There is some irony in this, and especially in Alley's appeal to philosophers to get on the job of evaluating the moral response to climate change. Namely, philosophers, by and large, do not do that kind of work. Consider a recent table of contents from The Philosophical Quarterly, "one of the most highly regarded and established academic journals in philosophy... [which publishes] high-quality articles from leading international scholars across the range of philosophical study." It is all fine work, but mostly in metaphysics, and not relevant to applied policy decisions.

What many people believe philosophers do and what philosophers actually do are two different things.

However, in the third part of Alley's commentary he goes on to do himself just exactly what he thinks philosophers are best equipped for--to give a sensitive overview of the ethical implications of climate change. He argues that Griffin is correct that some people will no doubt benefit from climate change (Alley omits mentioning the insurance business as most likely to profit) and others will be harmed. And there is ethical weight to identifying who these parties are. He says that places that have winter, places that have air conditioners, and places that have bulldozers at their disposal for shoring up sea-walls will all be harmed less than poor nations and people who live at the equator and near the poles.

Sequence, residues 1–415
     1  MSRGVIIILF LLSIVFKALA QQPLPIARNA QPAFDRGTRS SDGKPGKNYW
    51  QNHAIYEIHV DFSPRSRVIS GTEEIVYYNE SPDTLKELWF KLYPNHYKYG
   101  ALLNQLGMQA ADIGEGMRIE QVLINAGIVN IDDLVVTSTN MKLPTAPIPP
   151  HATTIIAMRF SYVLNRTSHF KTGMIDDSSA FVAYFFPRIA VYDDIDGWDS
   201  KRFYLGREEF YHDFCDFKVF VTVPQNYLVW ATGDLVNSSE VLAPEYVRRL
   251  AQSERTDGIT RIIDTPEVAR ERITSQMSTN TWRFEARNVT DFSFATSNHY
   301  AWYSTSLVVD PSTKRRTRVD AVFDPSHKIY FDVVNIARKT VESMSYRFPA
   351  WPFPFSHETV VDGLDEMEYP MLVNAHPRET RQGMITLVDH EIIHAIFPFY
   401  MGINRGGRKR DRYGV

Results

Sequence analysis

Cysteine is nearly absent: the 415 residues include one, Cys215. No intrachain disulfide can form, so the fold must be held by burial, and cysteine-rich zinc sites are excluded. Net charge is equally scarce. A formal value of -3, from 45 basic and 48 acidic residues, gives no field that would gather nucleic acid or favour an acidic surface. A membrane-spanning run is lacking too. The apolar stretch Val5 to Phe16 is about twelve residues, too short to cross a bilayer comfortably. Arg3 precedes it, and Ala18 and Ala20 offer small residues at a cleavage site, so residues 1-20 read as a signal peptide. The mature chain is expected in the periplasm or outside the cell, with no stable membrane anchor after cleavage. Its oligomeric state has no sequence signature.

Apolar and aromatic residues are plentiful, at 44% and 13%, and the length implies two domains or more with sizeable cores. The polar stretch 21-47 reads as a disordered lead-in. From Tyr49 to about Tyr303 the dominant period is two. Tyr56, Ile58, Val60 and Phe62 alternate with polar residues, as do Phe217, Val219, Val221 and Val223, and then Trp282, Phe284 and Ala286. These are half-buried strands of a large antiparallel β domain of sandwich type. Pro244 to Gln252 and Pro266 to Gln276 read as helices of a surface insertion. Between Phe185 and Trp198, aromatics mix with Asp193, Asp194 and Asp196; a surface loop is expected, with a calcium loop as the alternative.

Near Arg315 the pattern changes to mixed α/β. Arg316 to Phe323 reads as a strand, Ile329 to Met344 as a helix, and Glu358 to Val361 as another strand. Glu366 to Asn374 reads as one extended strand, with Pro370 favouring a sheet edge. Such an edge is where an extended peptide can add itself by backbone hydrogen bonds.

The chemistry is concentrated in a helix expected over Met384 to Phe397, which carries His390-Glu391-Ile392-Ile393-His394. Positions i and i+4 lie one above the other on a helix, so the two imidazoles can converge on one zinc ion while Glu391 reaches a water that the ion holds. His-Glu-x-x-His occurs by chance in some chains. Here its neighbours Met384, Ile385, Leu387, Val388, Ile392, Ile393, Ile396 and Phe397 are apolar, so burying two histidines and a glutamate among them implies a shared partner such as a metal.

It is a fiction that only professional philosophers are equipped to make such judgments, and it would be harmful to wait until the philosophical community came to recognize the importance of focusing on such issues. Scientists themselves can and do make value judgments.

Friday, June 01, 2007

Judging Pay Inequity

This week's Supreme Court decision in the Ledbetter v. Goodyear case disables an important tool for addressing pay disparity between men and women. How can feminist philosophers address this decision?

Sadly, the decision
endorses a burdensome barrier to filing discrimination claims but is not suited to a philosophical response. The majority decision is deceitful in that it does not openly question the legality or morality of workplace discrimination. It gives support to discriminatory practices without justifying the change on principle.

It is, however, suited to a political response, and the Congress should work to overturn the ruling.

A New York Times article analyzes the fact that Justice Ginsburg gave her strongly worded dissent orally:
The oral dissent has not been, until now, Justice Ginsburg’s style. She has gone years without delivering one, and never before in her 15 years on the court has she delivered two in one term. In her past dissents, both oral and written, she has been reluctant to breach the court’s collegial norms. “What she is saying is that this is not law, it’s politics,” Pamela S. Karlan, a Stanford law professor, said of Justice Ginsburg’s comment linking the outcome in the abortion case to the fact of the court’s changed membership. “She is accusing the other side of making political claims, not legal claims.”

Feminist Law Professors
offer a brief analysis and many links.
Justice Ruth Bader Ginsburg's dissent is here.